Our solution

Since nanopollution in water system has become an unneglectable issue facing global ecosystem and threating human health, our team was motivated to apply synthetic biology into society to establish an effective nanoparticles removing model named Self-Activating Nanoparticles Collecting E.coli (SANCE). This is achieved by engineering a controllable nanoparticle collector microorganism via bacteria aggregation in the process of wastewater treatment. Additionally, via a magnetic field, we would achieve a goal of microorganism immobilization to eventually collect the E.coli-Nanoparticle complexes in wastewater. Its capability in collecting nanoparticles would potentially be applied in wastewater treatment plant to remove harmful nanopollutants, such as heavy metal mercury, phosphate, total nitrogen, ammonia nitrogen, and organic compounds.

Fig 5. Our project general idea: Self-Activating Nanoparticle Collector E.coli (SANCE)

The success of our project would provide a cheap and renewable nanopollutant removal model that can be applied in the wastewater treatment of many countries, especially developing countries and even third-world countries, helping people there to free from potential adverse health effects brought by nanopollutants.

Fig 6. Our project is inspired by the sticky protein Mefp-5 on the foot of mussel.


Our project is inspired by a literature, “Preparation of Sticky Escherichia coli through Surface Display of an Adhesive Catecholamine Moiety” published by a Korean research team in 2014. Based on the idea of engineering a bacteria with sticky feature on its cell surface, we would like to focus on the structure and characteristics of the sticky domain of the engineered E. coli and enhance its effectiveness and efficiency in capturing nanoparticles by transforming the E.coli with a variety of plasmid constructs. With the improved version of E. coli, it is expected to be capable in capturing those pollutants mentioned above which are currently a noteworthy issue in wastewater treatment.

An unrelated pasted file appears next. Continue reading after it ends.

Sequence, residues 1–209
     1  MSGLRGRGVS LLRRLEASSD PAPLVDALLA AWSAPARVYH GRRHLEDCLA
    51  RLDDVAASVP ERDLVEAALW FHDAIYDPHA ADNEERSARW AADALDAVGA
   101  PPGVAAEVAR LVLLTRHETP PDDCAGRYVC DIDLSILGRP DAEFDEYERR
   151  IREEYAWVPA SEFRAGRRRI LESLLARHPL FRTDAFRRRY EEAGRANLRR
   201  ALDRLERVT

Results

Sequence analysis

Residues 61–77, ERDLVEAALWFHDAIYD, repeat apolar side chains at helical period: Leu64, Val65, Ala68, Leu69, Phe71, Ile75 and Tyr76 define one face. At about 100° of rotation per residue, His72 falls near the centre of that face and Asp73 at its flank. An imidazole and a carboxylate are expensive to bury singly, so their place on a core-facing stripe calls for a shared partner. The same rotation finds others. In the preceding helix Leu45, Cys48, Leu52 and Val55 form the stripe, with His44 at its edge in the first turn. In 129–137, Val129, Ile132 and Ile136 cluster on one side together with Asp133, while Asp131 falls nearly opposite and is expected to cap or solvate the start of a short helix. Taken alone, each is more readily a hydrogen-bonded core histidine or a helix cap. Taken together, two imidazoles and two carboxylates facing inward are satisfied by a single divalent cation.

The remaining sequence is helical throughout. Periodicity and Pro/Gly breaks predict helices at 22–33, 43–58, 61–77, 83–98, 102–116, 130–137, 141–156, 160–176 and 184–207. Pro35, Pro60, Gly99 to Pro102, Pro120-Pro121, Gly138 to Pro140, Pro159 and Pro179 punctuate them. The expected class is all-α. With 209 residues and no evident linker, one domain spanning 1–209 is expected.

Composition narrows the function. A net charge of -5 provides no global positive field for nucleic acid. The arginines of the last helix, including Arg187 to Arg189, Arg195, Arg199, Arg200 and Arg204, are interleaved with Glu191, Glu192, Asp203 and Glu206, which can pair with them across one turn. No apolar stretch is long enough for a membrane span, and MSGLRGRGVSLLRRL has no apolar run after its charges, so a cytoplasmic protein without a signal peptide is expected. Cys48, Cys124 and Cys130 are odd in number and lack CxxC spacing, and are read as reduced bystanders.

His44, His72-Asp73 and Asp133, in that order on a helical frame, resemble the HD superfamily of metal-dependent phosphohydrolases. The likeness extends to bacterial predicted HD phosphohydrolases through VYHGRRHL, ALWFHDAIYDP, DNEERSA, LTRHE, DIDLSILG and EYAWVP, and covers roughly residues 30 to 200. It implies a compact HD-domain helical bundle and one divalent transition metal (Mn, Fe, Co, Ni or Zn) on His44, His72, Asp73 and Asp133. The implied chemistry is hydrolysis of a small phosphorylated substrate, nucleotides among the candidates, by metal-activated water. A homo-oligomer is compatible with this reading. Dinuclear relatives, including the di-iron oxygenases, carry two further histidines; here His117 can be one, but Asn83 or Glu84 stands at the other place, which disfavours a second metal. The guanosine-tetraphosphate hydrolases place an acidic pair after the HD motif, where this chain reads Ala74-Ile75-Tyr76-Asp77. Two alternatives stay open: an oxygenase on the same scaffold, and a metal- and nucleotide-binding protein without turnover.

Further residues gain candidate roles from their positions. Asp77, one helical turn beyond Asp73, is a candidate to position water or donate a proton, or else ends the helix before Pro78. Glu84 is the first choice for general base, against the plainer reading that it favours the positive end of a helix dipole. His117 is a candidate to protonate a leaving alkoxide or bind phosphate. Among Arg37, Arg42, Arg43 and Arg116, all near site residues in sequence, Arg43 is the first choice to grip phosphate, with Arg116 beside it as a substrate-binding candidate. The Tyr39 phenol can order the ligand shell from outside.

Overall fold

1. Benefits and Applications. (n.d.). Retrieved from
  2. Syafiuddin, A., Salmiati, S., Hadibarata, T., Kueh, A. B. H., Salim, M. R., & Zaini, M. A. A. (2018, January 17). Silver Nanoparticles in the Water Environment in Malaysia: Inspection, characterization, removal, modeling, and future perspective. Retrieved from
  3. Lee, J. H., Kim, Y. S., Song, K. S., Ryu, H. R., Sung, J. H., Park, J. D., … Yu, I. J. (2013, August 1). Biopersistence of silver nanoparticles in tissues from Sprague-Dawley rats. Retrieved from
  4. van der Zande, M., Vandebriel, R. J., Van Doren, E., Kramer, E., Herrera Rivera, Z., Serrano-Rojero, C. S., … Bouwmeester, H. (2012, August 28). Distribution, elimination, and toxicity of silver nanoparticles and silver ions in rats after 28-day oral exposure. Retrieved from
  5. Honda, R. J., Keene, V., Daniels, L., & Walker, S. L. (2014, March 1). Removal of TiO2Nanoparticles During Primary Water Treatment: Role of Coagulant Type, Dose, and Nanoparticle Concentration. Retrieved from
  6. Brohi, R. D., Wang, L., Talpur, H. S., Wu, D., Khan, F. A., Bhattarai, D., … Huo, L.-J. (2017, September 5). Toxicity of Nanoparticles on the Reproductive System in Animal Models: A Review. Retrieved from
  7. Gao, G., Ze, Y., Li, B., Zhao, X., Zhang, T., Sheng, L., … Hong, F. (2012, December). Ovarian dysfunction and gene-expressed characteristics of female mice caused by long-term exposure to titanium dioxide nanoparticles. Retrieved from
  8. Hou, C.-C., & Zhu, J.-Q. (2017, July 7). Nanoparticles and female reproductive system: how do nanoparticles affect oogenesis and embryonic development. Retrieved from
  9. Figure 1 The applications of nanotechnology



iGEM 2019 UM_Macau